After closing over 116.00 for the first occasion in five years on Wednesday and Thursday, increasing US Treasury rates couldn’t keep the USD/JPY above it.
For the second consecutive month, nonfarm payrolls in the US were disappointing. December employment growth was 199,000, much below the 400,000 predicted.
The amended total of 239,000 for November, a 29,000 increase, did not improve the job market’s apparent weakness. The Job Openings and Labor Turnover Survey (JOLTS) has recorded an all-time high for nine months. As firms try to bring workers back, average hourly earnings grew 4.7% in Dec and 5.1% in Nov.
The Treasury yield curve increased. From 1.512% on December 31st, the 10-year bond return rose 25 basis points to 1.76% this week.
The Federal Reserve’s December 16 minutes of the meeting included a debate on shrinking its $8.5 billion financial statements. Markets interpreted this as more proof of the governors’ revised inflation agenda.
As a result, the Bank of Japan’s ultra-accommodative fiscal policy and the zero-percent base rate remain unaltered. The 1.3% decrease in November was more than double the 0.6% drop in October. The expectation was for a 1.6% rise. Unemployment benefits were unchanged at 0.5% in November after climbing 0.2% in October.
The USD/JPY fell after the NFP news, but with Treasury rates rising, technical reasons are dominating.
Rising US Treasury yields and inflation are driving the USD/JPY. An epidemic high of 1.753% was reached on Friday. Rising US interest rates are somewhat offset by rising inflation.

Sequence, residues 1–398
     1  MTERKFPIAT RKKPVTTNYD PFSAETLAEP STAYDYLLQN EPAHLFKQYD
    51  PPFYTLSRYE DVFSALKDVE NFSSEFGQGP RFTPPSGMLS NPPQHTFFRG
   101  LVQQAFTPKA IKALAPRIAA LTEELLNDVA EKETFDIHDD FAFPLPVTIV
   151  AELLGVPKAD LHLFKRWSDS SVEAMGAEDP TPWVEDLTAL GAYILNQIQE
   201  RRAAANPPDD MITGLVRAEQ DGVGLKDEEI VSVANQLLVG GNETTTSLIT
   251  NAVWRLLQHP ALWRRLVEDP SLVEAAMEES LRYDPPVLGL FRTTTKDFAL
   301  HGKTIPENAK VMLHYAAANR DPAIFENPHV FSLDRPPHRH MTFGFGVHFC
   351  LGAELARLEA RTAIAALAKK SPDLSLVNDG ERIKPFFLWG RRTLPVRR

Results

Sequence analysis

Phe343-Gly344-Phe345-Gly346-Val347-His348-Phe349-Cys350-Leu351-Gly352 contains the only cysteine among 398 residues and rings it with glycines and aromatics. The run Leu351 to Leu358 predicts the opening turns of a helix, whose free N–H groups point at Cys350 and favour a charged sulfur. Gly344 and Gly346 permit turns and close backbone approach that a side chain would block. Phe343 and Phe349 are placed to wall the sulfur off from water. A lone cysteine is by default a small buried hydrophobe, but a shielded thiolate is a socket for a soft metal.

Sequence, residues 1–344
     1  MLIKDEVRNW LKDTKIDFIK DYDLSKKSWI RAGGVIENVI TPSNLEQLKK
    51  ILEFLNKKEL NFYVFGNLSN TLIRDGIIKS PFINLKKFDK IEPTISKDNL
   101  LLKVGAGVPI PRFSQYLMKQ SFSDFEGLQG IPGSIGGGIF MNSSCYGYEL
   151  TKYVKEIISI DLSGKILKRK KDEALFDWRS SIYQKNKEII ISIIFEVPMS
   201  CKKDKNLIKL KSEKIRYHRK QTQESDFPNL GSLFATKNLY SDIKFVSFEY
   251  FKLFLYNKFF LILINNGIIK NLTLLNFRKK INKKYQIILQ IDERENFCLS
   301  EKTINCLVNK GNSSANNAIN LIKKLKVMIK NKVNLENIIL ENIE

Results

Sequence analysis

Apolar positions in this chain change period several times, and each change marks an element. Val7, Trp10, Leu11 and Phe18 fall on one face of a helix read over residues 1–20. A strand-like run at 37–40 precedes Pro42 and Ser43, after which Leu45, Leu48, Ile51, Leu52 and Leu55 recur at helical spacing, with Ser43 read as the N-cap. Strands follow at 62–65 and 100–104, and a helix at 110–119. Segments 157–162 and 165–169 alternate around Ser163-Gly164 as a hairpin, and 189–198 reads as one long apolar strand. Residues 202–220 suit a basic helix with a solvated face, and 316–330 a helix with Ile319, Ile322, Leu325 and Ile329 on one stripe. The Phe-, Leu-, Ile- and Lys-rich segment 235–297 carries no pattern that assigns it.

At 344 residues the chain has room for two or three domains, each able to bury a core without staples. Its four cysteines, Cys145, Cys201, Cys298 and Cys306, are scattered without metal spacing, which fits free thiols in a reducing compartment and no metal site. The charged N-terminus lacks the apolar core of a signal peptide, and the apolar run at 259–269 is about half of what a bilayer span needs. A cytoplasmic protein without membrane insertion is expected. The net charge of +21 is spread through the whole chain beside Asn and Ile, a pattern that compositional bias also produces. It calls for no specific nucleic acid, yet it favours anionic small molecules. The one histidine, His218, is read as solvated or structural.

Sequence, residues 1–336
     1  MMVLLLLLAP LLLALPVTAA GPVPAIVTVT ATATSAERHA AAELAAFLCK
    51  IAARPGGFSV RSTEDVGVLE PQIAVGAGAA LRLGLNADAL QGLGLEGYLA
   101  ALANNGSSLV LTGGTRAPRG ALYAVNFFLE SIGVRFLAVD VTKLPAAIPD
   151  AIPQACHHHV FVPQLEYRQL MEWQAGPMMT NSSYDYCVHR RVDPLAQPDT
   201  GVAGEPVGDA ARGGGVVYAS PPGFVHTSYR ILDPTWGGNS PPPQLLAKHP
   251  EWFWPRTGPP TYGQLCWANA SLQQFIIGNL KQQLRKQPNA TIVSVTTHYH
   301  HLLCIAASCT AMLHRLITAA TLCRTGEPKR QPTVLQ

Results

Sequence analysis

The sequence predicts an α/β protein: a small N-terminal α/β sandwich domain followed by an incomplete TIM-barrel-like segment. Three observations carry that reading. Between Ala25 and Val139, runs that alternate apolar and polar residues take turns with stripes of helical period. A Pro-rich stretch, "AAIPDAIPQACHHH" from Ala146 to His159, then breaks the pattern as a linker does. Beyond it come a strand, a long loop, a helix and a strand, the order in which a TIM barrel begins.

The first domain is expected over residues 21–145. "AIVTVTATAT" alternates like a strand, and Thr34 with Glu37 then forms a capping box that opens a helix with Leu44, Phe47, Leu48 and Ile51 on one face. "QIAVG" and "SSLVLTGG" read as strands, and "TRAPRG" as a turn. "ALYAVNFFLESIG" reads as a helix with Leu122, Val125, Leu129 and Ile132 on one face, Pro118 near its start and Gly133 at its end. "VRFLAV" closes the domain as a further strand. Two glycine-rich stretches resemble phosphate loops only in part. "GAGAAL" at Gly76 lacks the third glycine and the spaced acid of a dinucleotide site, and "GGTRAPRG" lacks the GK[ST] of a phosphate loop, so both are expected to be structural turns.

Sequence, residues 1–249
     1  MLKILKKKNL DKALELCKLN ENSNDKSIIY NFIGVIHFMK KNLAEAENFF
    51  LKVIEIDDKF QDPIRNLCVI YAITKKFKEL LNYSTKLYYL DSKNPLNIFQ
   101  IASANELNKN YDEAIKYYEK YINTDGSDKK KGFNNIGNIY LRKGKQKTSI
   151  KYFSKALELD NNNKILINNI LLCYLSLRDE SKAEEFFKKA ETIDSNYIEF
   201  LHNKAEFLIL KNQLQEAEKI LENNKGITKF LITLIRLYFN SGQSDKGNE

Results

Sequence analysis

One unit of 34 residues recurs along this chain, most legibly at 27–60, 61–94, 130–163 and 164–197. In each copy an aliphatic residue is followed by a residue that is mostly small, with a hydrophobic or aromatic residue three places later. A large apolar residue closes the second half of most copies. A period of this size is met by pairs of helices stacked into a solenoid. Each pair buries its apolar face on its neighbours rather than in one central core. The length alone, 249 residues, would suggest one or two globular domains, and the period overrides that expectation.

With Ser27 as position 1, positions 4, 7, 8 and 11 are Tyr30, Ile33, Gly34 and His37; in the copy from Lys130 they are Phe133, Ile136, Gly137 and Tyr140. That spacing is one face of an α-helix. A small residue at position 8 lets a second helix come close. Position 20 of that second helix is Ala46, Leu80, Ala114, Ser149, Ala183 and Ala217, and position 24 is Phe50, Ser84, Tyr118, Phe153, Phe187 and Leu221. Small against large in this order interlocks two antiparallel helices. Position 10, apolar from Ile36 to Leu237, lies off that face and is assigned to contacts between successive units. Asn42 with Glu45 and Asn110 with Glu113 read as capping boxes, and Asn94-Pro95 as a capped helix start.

The December CPI is predicted to reach 7.1%. The 10-year yield disparity between the US and Japanese government bonds (JGB) grew, but not enough to offset the vastly different inflation rates between the two nations.
The 116.00 collapse likely signals a period of stabilization while traders examine the US interest rate target. Fed Chair Jerome Powell and other policymakers have not mentioned normalization, and markets rely on previous interest rate ranges to drive speculation.
This week, all in Japan was the Eco Watcher Poll for December and the Coincident and Leading Economic Indexes for November. These polls won’t affect trade. The markets are uninterested in December producer prices.
The December PPI, retail sales, and Michigan Consumer Sentiment are the key data elements in the US CPI. Sales have the greatest market influence. ‘Stagflation,’ a phrase coined in the 1970s to describe high inflation and slow economic growth, is possible if they fall short of the 0.3% estimate.
According to the Atlanta Fed, the US economy grew 7.4% annualized in the 4th quarter, but it might be enough to dampen US Dollar potential.
Technical Forecast For USD/JPY
USD/JPY CHART Source: Tradingview.com
The MACD and RSI turns are not pattern reversals, but the Dec advance in USD/JPY has run dry. Due to the lack of liquidity in December, particularly in the last 2 weeks, January retracements are prevalent.
This price line is still not crossed, although it is getting closer. It is unlikely that the USD/JPY will fall, but it is more likely to stabilize above 114.00. Monday’s RSI expansion into overbought territory makes sense.
The January rally may fade into a lull until the US Treasury rates climb. Volatility has fallen since the 26th November Omicron. It didn’t matter that it hit 116.00 on Tuesday.
On December 30, crossing the 50-day moving average (MA) by the 21-day MA is less important than the growing upward inclination of the 50-day MA and the 100-day MA.
The 21-day average only shows volatility near the close of the year and through early January. The longer-term tendency is upward.
Resistance Levels: 115.90, 116.10, 116.35. Support Levels: 115.40, 114.84, 114.40, 114.00, 113.65, 113.25.